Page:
Bluetongue is an infectious noncontagious, viral disease of ruminants caused by an Orbivirus.
While goats are frequently infected, clinical signs are uncommon or mild in this species. Economic losses caused by bluetongue in goats are minimal.
- When clinical signs do appear, they are limited to mild depression, temporary loss of appetite, possibly fever up to 1050F, and hyperemia (increase blood flow to the lining) of the oral and nasal cavity.
- In more severe cases the initial signs are fever and anorexia for 3-4 days followed by excoriations of the tongue, lips, and gums that become ulcerative and necrotic.
- Excessive salivation, edema (swelling) of the face and a watery to mucous like nasal discharge.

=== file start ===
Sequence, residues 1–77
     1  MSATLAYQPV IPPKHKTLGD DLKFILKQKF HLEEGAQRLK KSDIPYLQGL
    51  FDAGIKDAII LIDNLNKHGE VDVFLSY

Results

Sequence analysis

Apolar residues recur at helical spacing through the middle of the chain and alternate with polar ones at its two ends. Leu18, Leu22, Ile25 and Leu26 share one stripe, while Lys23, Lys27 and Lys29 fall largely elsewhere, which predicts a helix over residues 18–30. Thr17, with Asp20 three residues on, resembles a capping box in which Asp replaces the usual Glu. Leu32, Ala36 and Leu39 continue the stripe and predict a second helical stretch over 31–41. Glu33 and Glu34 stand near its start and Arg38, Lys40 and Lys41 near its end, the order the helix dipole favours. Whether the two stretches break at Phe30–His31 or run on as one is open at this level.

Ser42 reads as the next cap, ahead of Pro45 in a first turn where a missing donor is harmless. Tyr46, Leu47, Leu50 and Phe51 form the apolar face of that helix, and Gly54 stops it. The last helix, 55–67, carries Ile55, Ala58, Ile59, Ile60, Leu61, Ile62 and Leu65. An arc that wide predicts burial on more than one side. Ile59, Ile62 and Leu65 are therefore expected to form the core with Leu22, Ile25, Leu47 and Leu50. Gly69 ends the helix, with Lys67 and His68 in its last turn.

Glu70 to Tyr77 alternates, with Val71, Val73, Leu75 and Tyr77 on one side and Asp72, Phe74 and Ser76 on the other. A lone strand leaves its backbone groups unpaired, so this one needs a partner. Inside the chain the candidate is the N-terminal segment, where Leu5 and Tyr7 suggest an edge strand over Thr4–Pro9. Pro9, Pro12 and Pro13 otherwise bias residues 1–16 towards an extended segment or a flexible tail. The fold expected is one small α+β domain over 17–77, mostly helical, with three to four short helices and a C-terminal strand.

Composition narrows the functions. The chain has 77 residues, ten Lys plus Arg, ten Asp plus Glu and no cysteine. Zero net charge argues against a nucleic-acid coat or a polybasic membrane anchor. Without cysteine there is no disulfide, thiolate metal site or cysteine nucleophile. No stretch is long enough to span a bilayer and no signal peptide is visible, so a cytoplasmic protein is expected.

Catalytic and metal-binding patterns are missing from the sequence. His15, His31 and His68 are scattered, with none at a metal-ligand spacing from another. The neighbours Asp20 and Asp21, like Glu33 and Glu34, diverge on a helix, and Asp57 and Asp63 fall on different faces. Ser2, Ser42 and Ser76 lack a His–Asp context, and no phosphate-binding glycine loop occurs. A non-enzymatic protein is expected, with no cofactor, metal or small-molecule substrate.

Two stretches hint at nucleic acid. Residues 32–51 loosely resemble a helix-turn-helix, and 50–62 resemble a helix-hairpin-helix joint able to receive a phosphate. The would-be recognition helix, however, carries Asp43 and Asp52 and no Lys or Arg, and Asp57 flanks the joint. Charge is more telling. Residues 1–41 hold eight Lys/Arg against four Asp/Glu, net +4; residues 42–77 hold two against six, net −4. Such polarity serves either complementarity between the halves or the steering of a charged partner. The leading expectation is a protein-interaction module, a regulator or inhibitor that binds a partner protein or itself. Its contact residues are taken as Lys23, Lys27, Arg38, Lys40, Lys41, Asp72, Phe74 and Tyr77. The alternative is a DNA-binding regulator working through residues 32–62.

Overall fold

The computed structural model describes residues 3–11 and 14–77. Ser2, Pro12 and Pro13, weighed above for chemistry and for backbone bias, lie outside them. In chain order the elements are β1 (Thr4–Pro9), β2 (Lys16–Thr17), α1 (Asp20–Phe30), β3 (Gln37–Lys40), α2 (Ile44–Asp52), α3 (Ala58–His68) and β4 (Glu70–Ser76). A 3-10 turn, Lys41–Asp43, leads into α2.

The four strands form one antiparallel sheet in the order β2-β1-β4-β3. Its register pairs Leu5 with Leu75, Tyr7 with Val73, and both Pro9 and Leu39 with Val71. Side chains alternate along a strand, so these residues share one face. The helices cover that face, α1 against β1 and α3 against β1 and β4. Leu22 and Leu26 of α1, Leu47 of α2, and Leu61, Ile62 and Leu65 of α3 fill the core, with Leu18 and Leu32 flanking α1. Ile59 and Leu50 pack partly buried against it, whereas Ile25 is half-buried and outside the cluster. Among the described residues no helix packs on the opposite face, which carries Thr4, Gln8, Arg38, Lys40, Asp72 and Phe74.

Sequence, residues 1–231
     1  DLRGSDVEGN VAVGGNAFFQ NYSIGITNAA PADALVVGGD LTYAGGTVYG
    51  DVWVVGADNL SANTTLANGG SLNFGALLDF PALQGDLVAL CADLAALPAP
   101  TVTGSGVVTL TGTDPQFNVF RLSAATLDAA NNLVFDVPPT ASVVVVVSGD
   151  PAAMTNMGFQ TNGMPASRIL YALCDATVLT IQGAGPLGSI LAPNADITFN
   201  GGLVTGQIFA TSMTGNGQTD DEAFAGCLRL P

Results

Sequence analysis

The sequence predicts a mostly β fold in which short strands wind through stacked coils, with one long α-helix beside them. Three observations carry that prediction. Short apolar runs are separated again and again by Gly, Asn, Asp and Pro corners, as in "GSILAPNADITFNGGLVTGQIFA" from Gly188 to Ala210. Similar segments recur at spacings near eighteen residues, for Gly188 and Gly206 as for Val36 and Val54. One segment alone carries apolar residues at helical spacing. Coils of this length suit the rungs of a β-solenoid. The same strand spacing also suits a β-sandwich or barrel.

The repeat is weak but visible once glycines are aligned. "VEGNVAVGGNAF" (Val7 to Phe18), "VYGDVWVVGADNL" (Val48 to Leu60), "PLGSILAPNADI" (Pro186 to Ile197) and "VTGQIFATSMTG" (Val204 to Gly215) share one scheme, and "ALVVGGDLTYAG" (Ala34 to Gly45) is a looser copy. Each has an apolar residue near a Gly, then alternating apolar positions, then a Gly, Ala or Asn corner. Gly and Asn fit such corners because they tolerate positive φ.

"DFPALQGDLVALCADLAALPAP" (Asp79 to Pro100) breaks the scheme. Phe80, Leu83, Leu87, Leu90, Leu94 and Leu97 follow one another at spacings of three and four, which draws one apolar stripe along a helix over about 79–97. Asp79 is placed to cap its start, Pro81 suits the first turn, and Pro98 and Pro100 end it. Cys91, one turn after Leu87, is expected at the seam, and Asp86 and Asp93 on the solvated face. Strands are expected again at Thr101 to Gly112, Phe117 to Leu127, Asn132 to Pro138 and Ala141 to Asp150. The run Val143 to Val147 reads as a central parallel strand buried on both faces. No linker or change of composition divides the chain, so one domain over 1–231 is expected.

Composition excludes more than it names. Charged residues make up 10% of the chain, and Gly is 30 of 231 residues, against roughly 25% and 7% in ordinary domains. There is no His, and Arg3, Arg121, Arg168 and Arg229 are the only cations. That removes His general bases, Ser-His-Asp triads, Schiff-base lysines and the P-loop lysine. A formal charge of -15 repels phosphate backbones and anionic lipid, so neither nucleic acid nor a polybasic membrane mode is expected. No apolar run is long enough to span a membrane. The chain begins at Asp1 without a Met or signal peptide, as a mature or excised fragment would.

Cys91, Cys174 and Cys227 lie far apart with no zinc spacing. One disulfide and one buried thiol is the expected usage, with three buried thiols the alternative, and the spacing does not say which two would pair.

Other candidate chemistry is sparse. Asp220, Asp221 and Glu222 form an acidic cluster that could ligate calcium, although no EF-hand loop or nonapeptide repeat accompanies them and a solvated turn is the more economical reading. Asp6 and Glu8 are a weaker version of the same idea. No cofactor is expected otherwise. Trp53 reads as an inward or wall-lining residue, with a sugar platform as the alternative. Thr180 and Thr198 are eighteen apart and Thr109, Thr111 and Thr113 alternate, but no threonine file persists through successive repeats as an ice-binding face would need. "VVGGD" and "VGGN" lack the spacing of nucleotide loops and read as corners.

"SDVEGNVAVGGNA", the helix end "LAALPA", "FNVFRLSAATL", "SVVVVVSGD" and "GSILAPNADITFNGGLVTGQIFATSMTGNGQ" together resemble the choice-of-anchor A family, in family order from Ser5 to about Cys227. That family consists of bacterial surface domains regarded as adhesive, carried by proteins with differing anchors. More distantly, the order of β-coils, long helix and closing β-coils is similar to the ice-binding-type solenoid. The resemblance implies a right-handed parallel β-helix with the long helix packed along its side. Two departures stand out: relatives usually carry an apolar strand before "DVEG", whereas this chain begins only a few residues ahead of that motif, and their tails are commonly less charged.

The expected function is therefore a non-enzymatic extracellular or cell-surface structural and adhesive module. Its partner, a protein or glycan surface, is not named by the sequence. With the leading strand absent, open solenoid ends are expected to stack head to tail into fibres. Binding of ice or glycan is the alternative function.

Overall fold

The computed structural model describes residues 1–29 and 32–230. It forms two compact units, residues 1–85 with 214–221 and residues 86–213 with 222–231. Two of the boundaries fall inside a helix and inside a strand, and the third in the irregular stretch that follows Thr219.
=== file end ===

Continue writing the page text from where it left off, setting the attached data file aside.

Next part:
The bluetongue virus is transmitted by arthropod vectors, primarily by gnats from the genus Culicoides, although sexual and trans-placental transmission can occur. Because of insect transmission the disease is more commonly seen in late summer and early fall.
There is no specific treatment for bluetongue, only supportive therapy with antibiotics and anti-inflammatory drugs are indicated. Nutritional and fluid support may be needed if affected animal cannot eat or drink.
Controlling the Culicoides insect, eliminating vector breeding grounds, Animals should not graze in low-lying, wet areas during seasons of insect activity to avoid spread of infection
1: Bluetongue: Goat Medicine- Mary Smith, David Sherman; Sheep & Goat Medicine DG Pugh
Was this information helpful? Provide Feedback.